Upon first meeting someone, people generally follow this line of questioning: What is your name? Where are you from? What do you do? ….When I answer that last question with “I am a leadership coach” most people’s next question is “what exactly is that?”
Many people have heard of an executive coach or leadership coach but have never met one in the flesh. I liken the look on people’s faces when I tell them my profession to that of a person that has just seen a unicorn. Still, the question remains “What exactly is a leadership coach?” Well, the answer to that question is both simple and complex all at once. Put simply, a leadership coach is a person that coaches people on being a better leader. Ground breaking definition it is not but that is the simple answer.
The more convoluted answer is in how the individual coach approaches that objective of making the person a better leader. Most often, the best leadership coaches have a strong understanding of behavior. Therefore, someone trained in psychology is best suited for this role. However, experience in leadership roles can definitely augment and sometimes take the place of that academic training. But just because a person was a top performer doesn’t make them a good leadership coach. Leadership involves enlisting and enrolling others to accomplish a goal or set of objectives not just enlisting one’s own skills and capabilities. Similarly, if a person can’t tell you why or how they were effective then its not likely they can tell you why you are or are not effective. Still, what maketh a great leadership coach is as variable as the answer to the question of what maketh a great leader — it depends. But once you have found a coach you feel you can trust and that demonstrates a deep understanding of behavior, the next step is defining why you need a coach?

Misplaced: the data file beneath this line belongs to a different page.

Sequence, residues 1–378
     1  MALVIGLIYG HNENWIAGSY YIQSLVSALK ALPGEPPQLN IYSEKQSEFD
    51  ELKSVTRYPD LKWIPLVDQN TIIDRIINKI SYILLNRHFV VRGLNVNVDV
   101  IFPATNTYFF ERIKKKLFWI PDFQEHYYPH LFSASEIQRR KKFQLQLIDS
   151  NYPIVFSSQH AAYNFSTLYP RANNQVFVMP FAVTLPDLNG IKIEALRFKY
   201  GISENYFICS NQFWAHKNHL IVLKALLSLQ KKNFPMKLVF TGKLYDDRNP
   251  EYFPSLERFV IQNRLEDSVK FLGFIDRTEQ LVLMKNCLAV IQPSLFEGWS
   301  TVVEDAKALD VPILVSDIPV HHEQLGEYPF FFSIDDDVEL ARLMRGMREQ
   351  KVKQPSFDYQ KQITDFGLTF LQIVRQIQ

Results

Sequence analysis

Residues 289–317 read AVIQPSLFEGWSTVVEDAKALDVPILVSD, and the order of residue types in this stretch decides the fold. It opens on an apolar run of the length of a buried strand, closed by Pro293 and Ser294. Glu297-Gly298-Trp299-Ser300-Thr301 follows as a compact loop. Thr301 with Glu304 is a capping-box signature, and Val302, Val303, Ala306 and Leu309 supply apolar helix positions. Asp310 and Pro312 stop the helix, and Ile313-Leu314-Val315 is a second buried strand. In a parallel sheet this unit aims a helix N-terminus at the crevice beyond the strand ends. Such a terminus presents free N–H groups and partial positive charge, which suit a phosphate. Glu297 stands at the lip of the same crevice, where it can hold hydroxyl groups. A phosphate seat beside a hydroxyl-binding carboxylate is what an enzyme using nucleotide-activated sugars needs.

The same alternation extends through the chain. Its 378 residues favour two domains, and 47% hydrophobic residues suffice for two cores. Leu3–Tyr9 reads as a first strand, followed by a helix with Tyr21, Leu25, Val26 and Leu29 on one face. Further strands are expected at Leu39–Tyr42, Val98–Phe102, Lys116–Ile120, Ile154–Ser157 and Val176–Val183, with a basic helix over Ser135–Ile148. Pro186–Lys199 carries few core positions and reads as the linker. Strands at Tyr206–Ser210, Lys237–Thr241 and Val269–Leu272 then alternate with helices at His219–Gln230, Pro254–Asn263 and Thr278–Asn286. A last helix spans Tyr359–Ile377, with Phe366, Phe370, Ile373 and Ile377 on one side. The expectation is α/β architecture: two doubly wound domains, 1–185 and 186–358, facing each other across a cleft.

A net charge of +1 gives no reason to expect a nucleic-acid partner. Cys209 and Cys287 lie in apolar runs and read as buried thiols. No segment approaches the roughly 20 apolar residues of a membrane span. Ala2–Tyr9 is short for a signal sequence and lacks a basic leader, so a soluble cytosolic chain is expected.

There is no one reason why people get a coach? Similarly, the types of coaches (leadership, executive, business, life, relationship/marriage, etc.) create more specificity and directional focus on the answer to this question. Still, if you desire coaching as it relates to your job or career, here are just a few reasons why a person might get a coach?
- My boss tells me I have untapped potential but he or she has given me little to no guidance on just what that means.
- I know I have barriers blocking me from doing better in my current role but I would like more guidance on codifying what those opportunity areas are.
- For some reason, I cannot get past a certain role or level; I just can’t make director/partner/VP/SVP/CEO
- I am in a leadership role and sense that I could be doing better if I had more understanding of how to create change in others.
- I am a first time leader and know I need help.
- I feel like I would be better starting my own company than working “here.”
- I don’t know why my job is making me unhappy.
- I don’t know what my passion is? Am I in the wrong career?
- I want to make a cross-functional move but fear it could be career suicide.
- Am I as good as my functional peers?
- Am I as strong of a leader as I think I am?
- My team is not delivering the results I know they can deliver – is it me, them, or both?
- I am not leading my life in the way I want to?
Most importantly, I advocate people getting coaches if they a) want to gain better awareness as to why they are not creating the impact they want, and b) most importantly if you actually are willing to change to get to your desired result or destination. In short, do not seek coaching if you are not open to change. Because what I know for sure is that if after answering the questions “What do you do?” and “What is a leadership coach,” and the person’s next question is “do you think you can help me?;” I think the person asking me that last question is already halfway there on their way to the results they desire.